In order to give this court jurisdiction of a writ of error to the highest court of a state in which a decision could be had, it must appear affirmatively that a Federal question was presented for decision, that its decision was necessary to the determination of the cause, and that it was actually decided, or that the judgment rendered could not have been given without deciding it.
The only complaint made before the reviewing board and the district court was that the assessment was in excess of the actual value of such stock, and exorbitant and unjust, and that the taxable value thereof should be no greater sum than is obtained by adding the capital, surplus, and undivided profits of said bank, subtracting therefrom the amount of the bank's capital invested in real estate, and dividing the remainder by the number of its shares of capital stock to obtain the true assessable value of one share of stock; also that 'said stock is not assessed and valued in proportion to other like personal property in the city of Estherville, but is grossly in excess thereof, and unfair to these appellants, and is unequal taxation.' [215 U.S. 341, 347] These were not Federal questions. No mention of the national banking act was made, nor any right or privilege claimed under it, nor were the provisions of the Revised Statutes invoked, by name or otherwise. There was no assertion of an issue in the case claiming the local statutes to be in conflict with, or repugnant to the terms of, 5219 of the Revised Statutes, or the Constitution of the United States. Plaintiffs filed a written pleading in the district court, in which they set out all proceedings leading up to the appeal and the grounds for their complaint against the action of the equalization board, and when the case went to trial filed an amendment, alleging the additional grievance of inequality.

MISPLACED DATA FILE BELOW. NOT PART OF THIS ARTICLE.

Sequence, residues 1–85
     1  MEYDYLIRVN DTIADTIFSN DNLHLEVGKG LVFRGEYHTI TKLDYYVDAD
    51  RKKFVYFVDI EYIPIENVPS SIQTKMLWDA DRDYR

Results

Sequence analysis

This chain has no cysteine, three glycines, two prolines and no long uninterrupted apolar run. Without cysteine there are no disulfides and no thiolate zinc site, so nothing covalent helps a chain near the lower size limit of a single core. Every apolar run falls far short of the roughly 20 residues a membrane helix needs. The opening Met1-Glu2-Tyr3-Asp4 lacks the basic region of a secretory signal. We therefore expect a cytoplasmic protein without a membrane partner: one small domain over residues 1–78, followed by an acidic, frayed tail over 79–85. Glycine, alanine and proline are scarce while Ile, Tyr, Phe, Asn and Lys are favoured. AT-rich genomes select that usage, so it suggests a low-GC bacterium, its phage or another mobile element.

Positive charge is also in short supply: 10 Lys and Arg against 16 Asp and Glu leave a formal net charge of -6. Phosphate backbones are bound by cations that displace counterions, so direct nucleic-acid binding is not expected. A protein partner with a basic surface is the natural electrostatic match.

Section 1322 of the Iowa Code reads as follows:
But the court held that the assessor need not rely entirely upon the statements which the bank is required by the section to furnish, but might take into consideration other information he might obtain, and, construing that section in connection with 1305 of the Code, reading, 'All property subject to taxation shall be valued at its actual value. . . . Such assessed value shall . . . be taken and considered as the taxable value of such property, . . . upon which the levy shall be made. Actual value of property, as used in this chapter, shall mean its value in the market in the ordinary course of trade,' found that the shares should be assessed at their market or sale values; and then the court proceeded to ascertain, on the facts, whether the shares were taxed at more than their market value, and whether at a greater rate in proportion to the value of other like personal property.
If plaintiffs in error believed that the local statute was unconstitutional and invalid because of conflict with the Federal Constitution or statute, they could and should have said so; but the validity of the act was nowhere specifically drawn in question.
Writ of error dismissed.